Rating: The Good – 76 Genre: Crime, Thriller Duration: 101 mins Director: Danny Boyle Stars: James McAvoy, Rosario Dawson, Vincent Cassel
A suave and tricksy thriller detailing a heist mob’s unconventional attempt to hypnotically uncover the location of a stolen painting amidst emotional turbulence and full-blown crises of identity. Trance offers the best and worst of mercurial director Danny Boyle at about a 30/70 split. Stunningly shot and soundtracked to Rick Smith’s pulsing melodies, it sets out to explicitly defy narrative convention and treat us to a razzle-dazzle experience over old fashioned storytelling. Though we’ve seen attempts like this before, what Trance lacks in originality it makes up for in burning focus and unflinching persistence. And with James McAvoy and the always splendid Rosario Dawson mischievously wrapped up in the deep dark psychological hijinks, the experiment is only enriched. But trippy entertainment only goes so far and with the plot hoisted so brazenly atop of Boyle’s sacrificial alter, not even actors of their class and magnetism can keep us invested in the manner we’d expect and desire from a clever heist thriller.
Rating: The Good – 71 Genre: Horror Duration: 110 mins Director: Scott Derrickson Stars: Ethan Hawke, Juliet Rylance, James Ransone
Spooky psychological horror with Ethan Hawke playing a true crime writer desperate for another bestseller who moves his family into a house where the previous occupants were hanged so that he can investigate the unsolved crime. Discovering a box of 16mm home video tapes in the attic, he briefly wonders how the police could’ve missed something so important but quickly finds himself absorbed in the revelatory footage and the series of family murders that they reveal.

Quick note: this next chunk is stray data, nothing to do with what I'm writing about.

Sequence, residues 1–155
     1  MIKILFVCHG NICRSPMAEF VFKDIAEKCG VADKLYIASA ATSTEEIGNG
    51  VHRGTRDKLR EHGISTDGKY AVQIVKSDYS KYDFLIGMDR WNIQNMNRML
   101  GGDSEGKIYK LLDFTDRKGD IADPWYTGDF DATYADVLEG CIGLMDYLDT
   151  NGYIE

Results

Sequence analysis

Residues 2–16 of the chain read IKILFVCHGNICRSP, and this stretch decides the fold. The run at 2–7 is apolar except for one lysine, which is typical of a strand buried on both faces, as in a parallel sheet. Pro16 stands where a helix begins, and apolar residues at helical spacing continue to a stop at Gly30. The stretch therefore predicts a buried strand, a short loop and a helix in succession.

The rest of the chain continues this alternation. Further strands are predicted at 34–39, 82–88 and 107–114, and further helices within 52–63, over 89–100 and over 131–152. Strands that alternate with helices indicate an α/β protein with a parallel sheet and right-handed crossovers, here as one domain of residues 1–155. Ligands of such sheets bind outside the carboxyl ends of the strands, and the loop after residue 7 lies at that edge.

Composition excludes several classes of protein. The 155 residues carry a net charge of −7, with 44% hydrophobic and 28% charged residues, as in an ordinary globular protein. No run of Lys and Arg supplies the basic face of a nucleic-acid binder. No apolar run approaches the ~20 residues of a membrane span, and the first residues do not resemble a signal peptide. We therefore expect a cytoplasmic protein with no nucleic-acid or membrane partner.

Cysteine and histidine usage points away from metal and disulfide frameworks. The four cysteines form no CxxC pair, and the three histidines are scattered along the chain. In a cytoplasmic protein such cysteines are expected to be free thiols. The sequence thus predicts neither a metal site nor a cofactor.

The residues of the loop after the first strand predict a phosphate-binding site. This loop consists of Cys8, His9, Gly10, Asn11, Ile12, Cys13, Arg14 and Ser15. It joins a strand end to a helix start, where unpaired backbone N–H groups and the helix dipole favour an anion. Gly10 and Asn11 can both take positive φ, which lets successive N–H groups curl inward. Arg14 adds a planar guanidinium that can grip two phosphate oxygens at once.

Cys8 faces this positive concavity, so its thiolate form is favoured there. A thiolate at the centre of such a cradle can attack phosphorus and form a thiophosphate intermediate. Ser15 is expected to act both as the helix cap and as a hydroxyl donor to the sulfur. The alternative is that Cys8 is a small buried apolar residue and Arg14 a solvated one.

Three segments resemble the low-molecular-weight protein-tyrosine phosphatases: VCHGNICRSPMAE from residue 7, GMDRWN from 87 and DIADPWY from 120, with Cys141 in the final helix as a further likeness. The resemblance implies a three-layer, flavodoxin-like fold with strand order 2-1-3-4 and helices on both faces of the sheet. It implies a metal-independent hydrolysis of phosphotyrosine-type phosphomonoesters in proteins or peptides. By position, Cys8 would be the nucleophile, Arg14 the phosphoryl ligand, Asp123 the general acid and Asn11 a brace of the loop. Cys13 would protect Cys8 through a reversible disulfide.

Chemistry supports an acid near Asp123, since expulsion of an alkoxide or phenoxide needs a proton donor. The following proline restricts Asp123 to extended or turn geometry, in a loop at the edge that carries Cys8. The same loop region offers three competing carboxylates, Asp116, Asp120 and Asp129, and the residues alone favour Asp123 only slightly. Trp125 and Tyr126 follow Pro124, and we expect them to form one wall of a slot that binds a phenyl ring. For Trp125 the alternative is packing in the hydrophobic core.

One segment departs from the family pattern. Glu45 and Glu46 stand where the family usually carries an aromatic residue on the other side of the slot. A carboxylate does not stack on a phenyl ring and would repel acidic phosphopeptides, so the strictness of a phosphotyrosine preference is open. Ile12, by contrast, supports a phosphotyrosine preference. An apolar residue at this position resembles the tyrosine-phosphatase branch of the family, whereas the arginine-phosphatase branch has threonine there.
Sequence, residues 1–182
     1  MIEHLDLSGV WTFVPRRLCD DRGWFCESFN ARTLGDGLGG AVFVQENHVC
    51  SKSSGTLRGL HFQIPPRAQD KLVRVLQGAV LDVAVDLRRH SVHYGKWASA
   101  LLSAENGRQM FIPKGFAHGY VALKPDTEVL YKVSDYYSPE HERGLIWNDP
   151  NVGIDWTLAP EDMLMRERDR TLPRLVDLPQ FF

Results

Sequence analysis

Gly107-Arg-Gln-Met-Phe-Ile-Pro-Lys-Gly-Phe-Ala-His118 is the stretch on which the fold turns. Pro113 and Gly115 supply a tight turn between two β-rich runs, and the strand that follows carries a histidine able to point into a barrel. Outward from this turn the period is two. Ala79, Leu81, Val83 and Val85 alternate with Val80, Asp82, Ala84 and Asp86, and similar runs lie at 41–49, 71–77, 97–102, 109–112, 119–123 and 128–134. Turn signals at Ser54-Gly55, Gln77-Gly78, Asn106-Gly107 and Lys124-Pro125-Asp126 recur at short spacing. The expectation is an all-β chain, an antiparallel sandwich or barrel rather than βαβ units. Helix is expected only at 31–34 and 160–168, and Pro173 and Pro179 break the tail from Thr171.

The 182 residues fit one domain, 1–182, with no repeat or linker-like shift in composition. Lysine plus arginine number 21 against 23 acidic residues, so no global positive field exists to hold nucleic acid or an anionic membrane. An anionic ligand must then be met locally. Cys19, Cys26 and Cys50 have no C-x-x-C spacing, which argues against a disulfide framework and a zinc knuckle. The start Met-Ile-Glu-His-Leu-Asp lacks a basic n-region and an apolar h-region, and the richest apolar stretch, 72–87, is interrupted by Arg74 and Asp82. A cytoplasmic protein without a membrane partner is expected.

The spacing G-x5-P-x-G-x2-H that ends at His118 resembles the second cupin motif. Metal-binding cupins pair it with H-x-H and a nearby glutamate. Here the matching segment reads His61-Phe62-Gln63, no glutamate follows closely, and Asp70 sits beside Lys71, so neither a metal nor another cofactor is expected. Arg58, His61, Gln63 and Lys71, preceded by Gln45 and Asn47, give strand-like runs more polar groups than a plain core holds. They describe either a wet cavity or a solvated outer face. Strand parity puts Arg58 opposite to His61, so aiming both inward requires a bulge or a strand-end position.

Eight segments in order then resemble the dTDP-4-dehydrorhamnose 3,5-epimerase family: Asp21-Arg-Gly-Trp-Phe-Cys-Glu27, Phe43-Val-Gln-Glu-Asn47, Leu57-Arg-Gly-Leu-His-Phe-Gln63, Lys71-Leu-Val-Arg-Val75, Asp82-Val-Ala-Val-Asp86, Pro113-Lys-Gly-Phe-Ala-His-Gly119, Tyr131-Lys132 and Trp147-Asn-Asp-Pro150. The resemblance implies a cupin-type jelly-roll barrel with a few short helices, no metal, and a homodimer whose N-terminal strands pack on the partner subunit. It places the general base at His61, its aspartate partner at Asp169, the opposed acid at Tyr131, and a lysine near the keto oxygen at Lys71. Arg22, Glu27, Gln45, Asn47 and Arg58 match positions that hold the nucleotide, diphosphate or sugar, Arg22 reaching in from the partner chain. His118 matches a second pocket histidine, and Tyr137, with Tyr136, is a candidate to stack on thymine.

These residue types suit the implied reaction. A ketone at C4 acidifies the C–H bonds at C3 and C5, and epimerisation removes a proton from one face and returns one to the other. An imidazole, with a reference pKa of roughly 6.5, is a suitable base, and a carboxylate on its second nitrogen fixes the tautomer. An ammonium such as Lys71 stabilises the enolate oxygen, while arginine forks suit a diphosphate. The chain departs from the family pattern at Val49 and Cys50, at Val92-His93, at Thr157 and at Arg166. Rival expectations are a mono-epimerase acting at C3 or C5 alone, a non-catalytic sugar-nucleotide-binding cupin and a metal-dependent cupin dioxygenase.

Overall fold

Veteran horror director Scott Derrickson (The Exorcism of Emily Rose) meticulously crafts a movie of unyielding creepiness in this original take on the haunted house scenario that reaches into pagan lore as opposed to the more typical Christian mythology. Hawke is intense enough to carry the majority of it and though the support cast are more peripheral than usual, Juliet Rylance is outstanding as his past tolerance wife while James Ransone provides a slightly mercurial presence as a comical but deceptively competent deputy. Draped in shadow and deep blacks, even the daytime scenes are dreary to the point that the audience will find few opportunities for some much needed reprieve. The excessive gloominess thus bleeds into the narrative rendering Sinister an unforgiving watch even for the most seasoned horror fans.